August 4, 2021

Fitbit is now part of Google – News

Fitbit, maker of sports and health wearables, has been acquired by Google. Both companies are moving forward as a single entity more than a year after the initial agreements, although the antitrust approvals are not all in yet.

Fitbit is officially part of Google. The company reports this on its blog, and it is also sent in an email to the users of the devices. In the message, signed by CEO and co-founder James Park, Fitbit emphasizes that the accounts and apps will continue to run, and that you will also be able to use the devices via third parties after the acquisition. Anyone who links their wearable to other apps – we are thinking of the Strava loop app, for example – can therefore continue to do so.

Antitrust

Google announced its plans to acquire the wearable maker in 2019, but had to wait for approval from several antitrust authorities. In particular, the possibility that the deal would combine the personal data Fitbit collects about your exercise and sleep activities with the huge bin of data that Google already has about most people was a cause for concern.

“Google will continue to protect the privacy of Fitbit users and has made some binding commitments with regulators to that end,” Park wrote in the statement. “That means Fitbit users’ health and fitness data will not be used for Google ads, and that data will also be kept separate from other Google ad data.”

“This deal has always been about devices, not data,” Rick Osterloh, senior vice president of Devices & Services, also wrote in a blog at Google itself. What Google really plans to do with those devices, and what a future lineup will look like, isn’t entirely clear at this point.

Enough waited

The announcement comes about a month after the European Commission gave the green light for the takeover. She attached a number of conditions to this, such as storing user data in separate silos, which is also reflected in the promises of Park and Osterloh.

However, it should be noted that the deal has not yet been approved worldwide. The Australian regulator, among others, has not yet finished its investigation, and the American Justice, nevertheless an important player for an American company, has not yet expressed its approval. “We have been involved in the Department of Justice’s extensive review for the past fourteen months,” Google told the New York Times, “and the agreed waiting period has passed without objection.” In other words, Google thinks it has waited long enough.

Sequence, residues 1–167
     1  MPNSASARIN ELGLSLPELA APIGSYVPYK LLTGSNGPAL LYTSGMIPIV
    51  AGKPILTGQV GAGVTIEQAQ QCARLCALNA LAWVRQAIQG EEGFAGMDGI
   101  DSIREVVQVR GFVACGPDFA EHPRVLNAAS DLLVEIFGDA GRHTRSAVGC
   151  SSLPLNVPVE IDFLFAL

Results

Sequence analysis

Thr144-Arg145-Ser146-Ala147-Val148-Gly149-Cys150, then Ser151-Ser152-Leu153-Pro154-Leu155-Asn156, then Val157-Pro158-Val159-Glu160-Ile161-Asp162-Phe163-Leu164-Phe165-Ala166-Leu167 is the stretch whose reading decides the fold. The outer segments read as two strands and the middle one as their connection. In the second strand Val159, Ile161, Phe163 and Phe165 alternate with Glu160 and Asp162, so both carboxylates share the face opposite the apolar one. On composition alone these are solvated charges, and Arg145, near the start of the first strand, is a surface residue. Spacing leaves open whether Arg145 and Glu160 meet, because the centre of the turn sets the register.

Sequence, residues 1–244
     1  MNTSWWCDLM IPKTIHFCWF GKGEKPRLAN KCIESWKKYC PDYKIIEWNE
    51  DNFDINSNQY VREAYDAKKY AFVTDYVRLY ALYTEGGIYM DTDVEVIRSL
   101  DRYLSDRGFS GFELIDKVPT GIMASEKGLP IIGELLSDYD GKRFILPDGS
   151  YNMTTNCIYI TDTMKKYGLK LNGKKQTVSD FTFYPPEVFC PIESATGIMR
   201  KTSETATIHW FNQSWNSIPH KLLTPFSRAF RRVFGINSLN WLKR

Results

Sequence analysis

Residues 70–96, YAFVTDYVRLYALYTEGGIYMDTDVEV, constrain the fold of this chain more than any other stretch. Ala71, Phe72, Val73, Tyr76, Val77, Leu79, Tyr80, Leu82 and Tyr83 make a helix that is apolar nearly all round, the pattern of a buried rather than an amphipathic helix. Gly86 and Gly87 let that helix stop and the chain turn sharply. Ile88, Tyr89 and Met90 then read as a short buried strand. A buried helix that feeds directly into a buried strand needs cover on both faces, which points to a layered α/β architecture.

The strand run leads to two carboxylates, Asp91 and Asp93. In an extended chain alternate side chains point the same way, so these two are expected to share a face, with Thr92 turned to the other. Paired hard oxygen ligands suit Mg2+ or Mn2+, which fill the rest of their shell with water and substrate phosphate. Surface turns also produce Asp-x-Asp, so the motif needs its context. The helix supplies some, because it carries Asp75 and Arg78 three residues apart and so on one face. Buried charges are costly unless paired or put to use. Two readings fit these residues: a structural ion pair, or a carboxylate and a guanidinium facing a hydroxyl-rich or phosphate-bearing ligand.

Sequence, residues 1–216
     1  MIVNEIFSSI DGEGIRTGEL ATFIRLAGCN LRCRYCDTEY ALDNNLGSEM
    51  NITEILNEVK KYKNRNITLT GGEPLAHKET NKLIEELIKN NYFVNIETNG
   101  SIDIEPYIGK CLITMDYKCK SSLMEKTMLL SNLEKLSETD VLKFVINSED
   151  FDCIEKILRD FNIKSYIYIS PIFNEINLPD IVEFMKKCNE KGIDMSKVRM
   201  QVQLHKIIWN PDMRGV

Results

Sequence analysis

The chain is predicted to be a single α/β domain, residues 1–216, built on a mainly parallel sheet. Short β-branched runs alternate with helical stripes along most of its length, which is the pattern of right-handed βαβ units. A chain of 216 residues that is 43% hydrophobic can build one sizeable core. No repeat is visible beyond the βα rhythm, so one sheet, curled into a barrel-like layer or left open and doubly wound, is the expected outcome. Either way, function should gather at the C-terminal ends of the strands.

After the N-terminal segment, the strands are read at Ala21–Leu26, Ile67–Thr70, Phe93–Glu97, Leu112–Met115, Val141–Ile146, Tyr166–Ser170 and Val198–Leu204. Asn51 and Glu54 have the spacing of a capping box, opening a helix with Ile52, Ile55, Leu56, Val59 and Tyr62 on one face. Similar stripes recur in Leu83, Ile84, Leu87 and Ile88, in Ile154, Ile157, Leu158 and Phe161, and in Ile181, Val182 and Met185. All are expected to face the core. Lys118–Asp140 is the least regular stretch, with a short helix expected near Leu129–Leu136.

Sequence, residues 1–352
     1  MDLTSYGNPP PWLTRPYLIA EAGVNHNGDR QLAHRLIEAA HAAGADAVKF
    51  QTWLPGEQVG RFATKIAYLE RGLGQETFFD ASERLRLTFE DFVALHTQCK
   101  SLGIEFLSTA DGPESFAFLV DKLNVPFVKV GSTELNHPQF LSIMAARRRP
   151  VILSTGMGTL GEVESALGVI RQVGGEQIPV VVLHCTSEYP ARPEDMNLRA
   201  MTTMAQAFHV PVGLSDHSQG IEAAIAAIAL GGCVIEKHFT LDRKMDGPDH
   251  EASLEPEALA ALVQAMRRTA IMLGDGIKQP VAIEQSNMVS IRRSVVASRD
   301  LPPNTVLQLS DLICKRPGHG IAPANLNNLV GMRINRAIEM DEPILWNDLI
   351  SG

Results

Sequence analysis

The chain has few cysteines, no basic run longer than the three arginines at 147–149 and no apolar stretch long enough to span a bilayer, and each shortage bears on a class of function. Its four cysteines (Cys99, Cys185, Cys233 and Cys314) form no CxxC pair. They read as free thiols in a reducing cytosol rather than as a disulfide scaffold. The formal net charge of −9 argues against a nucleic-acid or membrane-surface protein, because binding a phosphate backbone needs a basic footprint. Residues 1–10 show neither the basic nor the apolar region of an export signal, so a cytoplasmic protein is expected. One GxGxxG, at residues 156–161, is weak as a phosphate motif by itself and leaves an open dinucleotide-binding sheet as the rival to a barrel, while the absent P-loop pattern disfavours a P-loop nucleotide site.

Fitbit is officially part of Google. The company reports this on its blog, and it is also sent in an email to the users of the devices. In the message, signed by CEO and co-founder James Park, Fitbit emphasizes that the accounts and apps will continue to run, and that you will also be able to use the devices via third parties after the acquisition. Anyone who links their wearable to other apps – we are thinking of the Strava loop app, for example – can therefore continue to do so. Google announced its plans to acquire the wearable maker in 2019, but had to wait for approval from several antitrust authorities. In particular, the possibility that the deal would combine the personal data that Fitbit collects about your exercise and sleep activities with the massive bin of data that Google already has about most people was a cause for concern. some binding obligations have been agreed with regulators,” Park writes in the communication. “That means Fitbit users’ health and fitness data will not be used for Google ads, and that data will also be kept separate from other Google ad data.” “This deal has always been about devices, not data,” Rick writes. Osterloh, senior vice president of Devices & Services, also wrote in a blog at Google itself. What Google really plans to do with those devices, and what a future line-up will look like, is not entirely clear at the moment. The announcement comes about a month after the European Commission gave the green light for the acquisition. She attached some conditions to this, such as storing user data in separate silos, which is also reflected in the promises of Park and Osterloh. It should be noted, however, that the deal has not yet been approved worldwide. The Australian regulator, among others, has not yet finished its investigation, and the American Justice, nevertheless an important player for an American company, has not yet expressed its approval. “We have been involved in the Department of Justice’s extensive review for the past fourteen months,” Google told the New York Times, “and the agreed waiting period has passed without objection.” In other words, Google thinks it has waited long enough.

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